Daniel Nuzum's audioboos

Wednesday, October 20, 2010


I shared in two public ceremonies of remembrance in the last week where bereaved families came to remember their loved one. In both cases the churches were full to capacity. The first was for those who are bereaved following the death of a baby or the loss of a pregnancy and the second was for those whose loved one died in the care of our local hospice services. In a very poignant way I had a deep sense at both events that I was treading -hopefully very softly- on sacred ground. The sacred ground of hopes, dreams and memories. I was for a short time treading very gently in the land of grief where our sensitivities are heightened and our rawness very bare. Grief is a strange land.

Remembering is at the very heart of the Christian tradition. We remember every time we gather for worship. We recall the saving, generous and loving acts of God in Jesus Christ. However, it is more than simply recalling in a nostalgic sense. Rather, it is about keeping alive the bond of love and connection across time and space. It is hard to adequately express in words -which are so conditioned and limited by time and space- just what this means. How do we convey what it is to be still connected, to still have communion with those 'we love but see no longer'?

At each service of remembrance there was a sense of collective and shared experience of loss, yet, we all grieve differently. There is something very powerful when we can gather together in this way acknowledging the experience that we share yet being able to have a time where each person can be with their own grief. At each service I think this happened.

At the end of the Service for those who were grieving the death of a baby or a pregnancy there was a profound experience where the staff of the hospital each lit candles and formed a ring of candlelight around the church with parents and families each holding their own candle. The lights went down and the music faded. In that silence we were treading in a land without the limits of time and space. It was a time of deep presence and supportive love.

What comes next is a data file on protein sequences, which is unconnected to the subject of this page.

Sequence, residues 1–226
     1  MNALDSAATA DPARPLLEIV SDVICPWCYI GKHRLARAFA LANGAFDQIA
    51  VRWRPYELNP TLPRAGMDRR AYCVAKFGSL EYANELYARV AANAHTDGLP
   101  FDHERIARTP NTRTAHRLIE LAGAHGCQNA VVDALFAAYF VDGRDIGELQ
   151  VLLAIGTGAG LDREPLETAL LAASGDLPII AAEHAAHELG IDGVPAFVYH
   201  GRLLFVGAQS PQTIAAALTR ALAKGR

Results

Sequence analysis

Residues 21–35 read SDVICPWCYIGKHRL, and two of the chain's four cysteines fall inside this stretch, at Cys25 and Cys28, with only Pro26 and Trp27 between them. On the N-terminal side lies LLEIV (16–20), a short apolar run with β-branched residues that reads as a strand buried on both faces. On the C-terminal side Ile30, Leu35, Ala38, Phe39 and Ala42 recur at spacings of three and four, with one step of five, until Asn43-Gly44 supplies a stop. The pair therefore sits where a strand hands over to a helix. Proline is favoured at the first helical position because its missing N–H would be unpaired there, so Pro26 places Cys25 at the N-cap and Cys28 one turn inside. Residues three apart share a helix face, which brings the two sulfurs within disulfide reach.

In the second service for our local hospice I was struck by the number of young people there. A full church of families marking the death of a loved one. A service where once again we were in a space of memory and love. Each person there with their rich memories of love and pain. Stories which were shared afterwards with me through the tears and the knowing looks as I reconnected with families I had journey with earlier this year. Young people, parents, children, grandparents, spouses, partners. As a Christian the abiding sense I had during this service was of God coming alongside each person and holding them, embracing them and loving them as if they were the only person in the world. Personal and individual love in a collective setting. To remember in this way is profound and transcends religious and faith systems.

There was no easy way to escape the painful fact that we miss the one who has died. we miss their voice, their physical presence, their smells, their habits -even the ones that annoyed us, their company, their laughter, their playfulness, their support and so the losses can go on...

Death is painful and grief is hard. None of us will escape it so why do we find it so hard to talk about it? Why do we find it so hard to reach out to someone who is bereaved? Instead we don't know what to say, so we duck into a shop to buy something we don't need rather than stop to ask a grieving friend how they are. We are afraid they might cry, that they might get upset. Yet those tears are healing. Let's be real and have the courage to come alongside those who mourn. Words are not necessary, presence is everything.


Carmel said...

A poem by John O'Donohue puts words to the feeling of grief...

When you lose someone you love, your life becomes strange, the ground beneath you becomes fragile, your thoughts make your eyes unsure; and some dead echo drags your voice down where words have no confidence.
Your heart has grown heavy with loss; and though this loss has wounded others too, no one knows what has been taken from you when the silence of absence deepens.
Flickers of guilt kindle regret for all that was left unsaid or undone.
There are days when you wake up happy; again inside the fullness of life, until the moment breaks and you are thrown back onto the black tide of loss.
Days when you have your heart back, you are able to function well until in the middle of work or encounter, suddenly with no warning, you are ambushed by grief.
It becomes hard to trust yourself. All you can depend on now is that sorrow will remain faithful to itself.
More than you, it knows its way and will find the right time to pull and pull the rope of grief until that coiled hill of tears has reduced to its last drop.
Gradually, you will learn acquaintance with the invisible form of your departed; and when the work of grief is done, the wound of loss will heal and you will have learned to wean your eyes from that gap in the air and be able to enter the hearth in your soul where your loved one has awaited your return all the time.

Daniel Nuzum said...

Thanks for that Carmel. John O'Donohue is profound. A tragedy that he is not still here with us.